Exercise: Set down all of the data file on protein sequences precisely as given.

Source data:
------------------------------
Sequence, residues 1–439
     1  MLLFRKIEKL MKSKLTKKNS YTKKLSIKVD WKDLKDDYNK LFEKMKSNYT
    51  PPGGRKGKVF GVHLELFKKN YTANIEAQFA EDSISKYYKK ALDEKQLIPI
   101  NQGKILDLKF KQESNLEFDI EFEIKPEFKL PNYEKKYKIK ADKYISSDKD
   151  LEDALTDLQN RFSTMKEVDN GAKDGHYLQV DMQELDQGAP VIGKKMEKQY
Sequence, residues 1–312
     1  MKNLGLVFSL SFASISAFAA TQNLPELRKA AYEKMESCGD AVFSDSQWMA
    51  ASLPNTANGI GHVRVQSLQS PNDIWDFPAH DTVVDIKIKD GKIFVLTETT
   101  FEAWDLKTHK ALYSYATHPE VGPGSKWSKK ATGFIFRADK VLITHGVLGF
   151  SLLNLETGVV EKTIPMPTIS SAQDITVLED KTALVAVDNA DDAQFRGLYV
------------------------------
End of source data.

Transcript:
Sequence, residues 1–439
     1  MLLFRKIEKL MKSKLTKKNS YTKKLSIKVD WKDLKDDYNK LFEKMKSNYT
    51  PPGGRKGKVF GVHLELFKKN YTANIEAQFA EDSISKYYKK ALDEKQLIPI
   101  NQGKILDLKF KQESNLEFDI EFEIKPEFKL PNYEKKYKIK ADKYISSDKD
   151  LEDALTDLQN RFSTMKEVDN GAKDGHYLQV DMQELDQGAP VIGKKMEKQY
Sequence, residues 1–312
     1  MKNLGLVFSL SFASISAFAA TQNLPELRKA AYEKMESCGD AVFSDSQWMA
    51  ASLPNTANGI GHVRVQSLQS PNDIWDFPAH DTVVDIKIKD GKIFVLTETT
   101  FEAWDLKTHK ALYSYATHPE VGPGSKWSKK ATGFIFRADK VLITHGVLGF
   151  SLLNLETGVV EKTIPMPTIS SAQDITVLED KTALVAVDNA DDAQFRGLYV